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  1. Hello, Dr. Vallianatos,

    My name is Christine Gordon, and I am a fact checker with Discover magazine working on Steve Vlox's piece on honey bees. Would you please confirm the following so that we can be sure all of the information is correct? Could you please send an email with the responses to Thank you, Christine

    Is is okay to identify you as E.G. Vallianatos, a scientist retired from the Environmental Protection Agency?
    Would you agree that everyone acts like Silent Spring was responsible for a new dawn, but in actuality not many folks have read it?

    Would you agree that exposure to neonics appears to compromise the bee’s immune system, and is it correct that a recent scientific literature review conducted by researchers in the U.K., Japan, France, and Italy concluded that exposure to systemic insecticides, including neonics, renders bees more susceptible to numerous diseases?

    1. Hi Christine,
      My apologies for this delay. My response is probably coming too late for the article you were checking. But there's little doubt neonics and other neurotoxins compromise honeybees: making them more susceptible to disease, confusing them so they cannot find their way home and, of course, killing them outright. Too bad our political class is so corrupt it cannot see the damage we are inflicting on both honeybees and ourselves.
      You can identify me as: E.G. Vallianatos: author of "Poison Spring" and former analyst or scientist with the pesticide program of the US EPA.
      Best wishes,

  2. This comment has been removed by the author.

  3. Dear E. G. Vallianatos, Jan/31/2017

    My name is Ella and I am a 6th grade student at Walden School in Pasadena. I’m investigating the problem of pesticides impacting our world today. I heard/read that you have quite a bit of knowledge about pesticides.

    I am wondering if you would be available in the next couple of weeks for an interview. Included are the questions I would like to ask you either in person, on the phone, or perhaps you could email me the answers. I appreciate you taking the time to respond and I look forward to hearing more about your perspectives on pesticides.

    1: What is your background on pesticides?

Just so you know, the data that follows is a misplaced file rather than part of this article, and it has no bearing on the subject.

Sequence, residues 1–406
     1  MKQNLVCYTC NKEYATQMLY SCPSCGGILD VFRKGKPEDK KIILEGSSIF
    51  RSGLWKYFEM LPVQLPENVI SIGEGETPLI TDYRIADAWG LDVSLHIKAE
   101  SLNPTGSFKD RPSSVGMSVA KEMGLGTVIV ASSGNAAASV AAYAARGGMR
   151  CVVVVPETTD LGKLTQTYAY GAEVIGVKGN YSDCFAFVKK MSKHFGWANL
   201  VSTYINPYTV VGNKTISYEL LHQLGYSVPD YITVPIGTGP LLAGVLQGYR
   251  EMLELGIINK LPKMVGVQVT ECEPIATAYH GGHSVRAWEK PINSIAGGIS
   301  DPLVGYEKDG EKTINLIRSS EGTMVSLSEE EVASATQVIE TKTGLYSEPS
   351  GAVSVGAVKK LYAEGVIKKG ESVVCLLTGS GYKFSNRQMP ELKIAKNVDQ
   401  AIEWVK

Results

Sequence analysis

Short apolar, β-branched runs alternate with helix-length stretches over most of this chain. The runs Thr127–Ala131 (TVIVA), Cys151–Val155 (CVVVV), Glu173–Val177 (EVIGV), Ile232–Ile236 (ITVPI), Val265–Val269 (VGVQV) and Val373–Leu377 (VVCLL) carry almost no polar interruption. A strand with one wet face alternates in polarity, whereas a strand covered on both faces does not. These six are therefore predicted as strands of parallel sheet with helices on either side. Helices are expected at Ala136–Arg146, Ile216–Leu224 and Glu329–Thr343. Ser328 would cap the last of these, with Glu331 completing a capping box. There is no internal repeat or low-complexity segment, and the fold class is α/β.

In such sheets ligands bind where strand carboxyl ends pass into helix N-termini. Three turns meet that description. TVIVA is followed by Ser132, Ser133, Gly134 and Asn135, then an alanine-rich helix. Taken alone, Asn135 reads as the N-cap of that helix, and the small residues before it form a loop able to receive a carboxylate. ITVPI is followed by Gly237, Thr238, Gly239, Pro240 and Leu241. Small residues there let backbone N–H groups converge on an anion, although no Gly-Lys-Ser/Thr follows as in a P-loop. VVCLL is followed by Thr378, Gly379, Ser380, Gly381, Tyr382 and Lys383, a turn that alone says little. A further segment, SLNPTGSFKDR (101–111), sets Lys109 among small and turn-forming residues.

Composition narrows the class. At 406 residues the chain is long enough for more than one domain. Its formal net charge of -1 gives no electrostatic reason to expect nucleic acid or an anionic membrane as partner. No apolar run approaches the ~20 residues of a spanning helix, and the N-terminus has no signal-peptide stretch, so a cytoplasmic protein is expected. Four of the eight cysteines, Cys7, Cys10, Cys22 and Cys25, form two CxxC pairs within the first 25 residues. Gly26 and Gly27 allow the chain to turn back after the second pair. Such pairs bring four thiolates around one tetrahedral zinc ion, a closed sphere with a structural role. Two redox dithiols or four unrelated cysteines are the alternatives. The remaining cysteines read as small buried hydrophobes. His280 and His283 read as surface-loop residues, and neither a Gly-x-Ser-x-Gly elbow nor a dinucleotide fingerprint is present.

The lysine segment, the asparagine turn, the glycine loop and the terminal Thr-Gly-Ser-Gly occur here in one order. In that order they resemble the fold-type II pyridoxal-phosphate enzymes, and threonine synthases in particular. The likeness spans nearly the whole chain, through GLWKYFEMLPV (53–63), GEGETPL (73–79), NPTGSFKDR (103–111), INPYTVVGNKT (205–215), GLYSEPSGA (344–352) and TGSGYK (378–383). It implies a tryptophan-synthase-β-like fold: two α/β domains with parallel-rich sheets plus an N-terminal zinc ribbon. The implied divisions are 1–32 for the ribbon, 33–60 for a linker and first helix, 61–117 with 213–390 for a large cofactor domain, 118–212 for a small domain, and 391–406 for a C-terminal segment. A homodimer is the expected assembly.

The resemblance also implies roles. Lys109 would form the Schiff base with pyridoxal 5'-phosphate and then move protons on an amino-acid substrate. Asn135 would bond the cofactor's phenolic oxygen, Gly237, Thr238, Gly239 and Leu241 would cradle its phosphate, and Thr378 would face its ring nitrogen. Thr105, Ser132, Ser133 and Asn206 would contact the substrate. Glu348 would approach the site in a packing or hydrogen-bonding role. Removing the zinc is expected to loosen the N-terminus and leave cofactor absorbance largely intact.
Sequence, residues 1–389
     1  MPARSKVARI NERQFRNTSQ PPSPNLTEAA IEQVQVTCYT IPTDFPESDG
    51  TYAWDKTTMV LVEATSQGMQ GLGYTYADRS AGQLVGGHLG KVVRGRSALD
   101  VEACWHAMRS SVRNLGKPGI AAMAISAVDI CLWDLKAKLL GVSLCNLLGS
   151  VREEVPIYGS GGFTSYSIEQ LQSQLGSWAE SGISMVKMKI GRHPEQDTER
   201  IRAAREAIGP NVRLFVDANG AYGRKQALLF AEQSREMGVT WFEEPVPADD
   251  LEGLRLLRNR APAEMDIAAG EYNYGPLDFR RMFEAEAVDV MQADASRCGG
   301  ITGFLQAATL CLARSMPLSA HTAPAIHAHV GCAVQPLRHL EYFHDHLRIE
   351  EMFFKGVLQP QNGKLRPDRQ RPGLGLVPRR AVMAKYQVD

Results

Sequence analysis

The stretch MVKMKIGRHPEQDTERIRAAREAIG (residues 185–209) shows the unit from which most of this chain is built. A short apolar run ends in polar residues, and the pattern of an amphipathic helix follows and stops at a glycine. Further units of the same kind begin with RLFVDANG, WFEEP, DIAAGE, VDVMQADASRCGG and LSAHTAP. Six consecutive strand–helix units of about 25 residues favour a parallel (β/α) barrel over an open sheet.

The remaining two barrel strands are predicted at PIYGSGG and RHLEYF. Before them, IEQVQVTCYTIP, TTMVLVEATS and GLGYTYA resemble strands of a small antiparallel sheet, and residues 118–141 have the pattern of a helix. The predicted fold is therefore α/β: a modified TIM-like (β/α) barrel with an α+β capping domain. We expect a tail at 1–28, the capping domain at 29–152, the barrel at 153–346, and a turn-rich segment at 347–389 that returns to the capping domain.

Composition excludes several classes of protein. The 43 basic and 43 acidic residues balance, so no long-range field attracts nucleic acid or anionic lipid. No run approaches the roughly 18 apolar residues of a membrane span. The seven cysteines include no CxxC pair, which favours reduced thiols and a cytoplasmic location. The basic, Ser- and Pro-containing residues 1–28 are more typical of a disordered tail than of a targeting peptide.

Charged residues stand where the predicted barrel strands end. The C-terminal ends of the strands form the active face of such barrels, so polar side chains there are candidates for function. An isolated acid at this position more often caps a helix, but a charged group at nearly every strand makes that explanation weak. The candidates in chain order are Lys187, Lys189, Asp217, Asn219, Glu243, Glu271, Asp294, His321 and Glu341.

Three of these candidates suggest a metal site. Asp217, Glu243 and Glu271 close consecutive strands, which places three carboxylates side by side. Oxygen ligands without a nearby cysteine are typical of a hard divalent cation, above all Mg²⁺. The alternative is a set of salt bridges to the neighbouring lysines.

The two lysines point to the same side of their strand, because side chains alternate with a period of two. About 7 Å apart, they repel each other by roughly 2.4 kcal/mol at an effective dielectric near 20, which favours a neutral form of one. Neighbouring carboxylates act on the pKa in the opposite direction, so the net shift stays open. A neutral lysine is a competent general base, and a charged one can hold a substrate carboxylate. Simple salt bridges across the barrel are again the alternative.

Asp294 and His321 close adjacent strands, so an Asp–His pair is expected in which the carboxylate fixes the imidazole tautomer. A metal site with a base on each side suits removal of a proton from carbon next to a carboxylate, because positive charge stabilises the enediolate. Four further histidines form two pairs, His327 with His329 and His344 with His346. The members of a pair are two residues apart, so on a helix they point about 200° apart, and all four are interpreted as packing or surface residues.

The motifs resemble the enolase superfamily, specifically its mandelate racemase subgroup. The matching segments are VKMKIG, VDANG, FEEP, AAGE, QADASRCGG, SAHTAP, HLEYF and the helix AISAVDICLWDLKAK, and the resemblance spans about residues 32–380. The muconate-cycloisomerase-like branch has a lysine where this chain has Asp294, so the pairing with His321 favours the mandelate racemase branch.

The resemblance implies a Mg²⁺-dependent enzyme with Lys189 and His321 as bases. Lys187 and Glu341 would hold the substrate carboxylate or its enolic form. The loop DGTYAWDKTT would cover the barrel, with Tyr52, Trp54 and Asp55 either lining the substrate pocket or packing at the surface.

2: What interests you most about pesticides?

    3: How did you come to know so much about pesticides Did you learn about pesticides from other people?

    4: What is your perspective?

    5: What do you believe are the two sides of pesticides?

    6: Why do you take your time to learn about pesticides?

    7: What helps you find good info about pesticides?

    8: What kind of pesticides do you study?

    9: Why are pesticides a problem?

    10: Do you know people that have a different view on pesticides?


  4. P.S My email address is Thank you!

    1. Dear Ella,
      My apologies for this delay.
      The reason I know a few things about pesticides is that I worked for a long time for the pesticides office of the US Environmental Protection Agency. In general, pesticides are synthetic chemicals designed to kill what humans define as "pests." The history of their use in this and other countries tells us to be very careful with them. Scientists have shown them to be causing cancer and other diseases. In addition, they kill useful insects like honeybees and butterflies. They contaminate our drinking water and food.

      Of course, those who benefit from the use of pesticides (farmers, loggers, lawn managers and numerous others) like pesticides.

      We have alternatives to pesticides. Organic farmers produce nutritious food without them. They are unnecessary.

      Thanks for writing!

      It may be a good idea to read my book: "Poison Spring: The Secret History of Pollution and the EPA."



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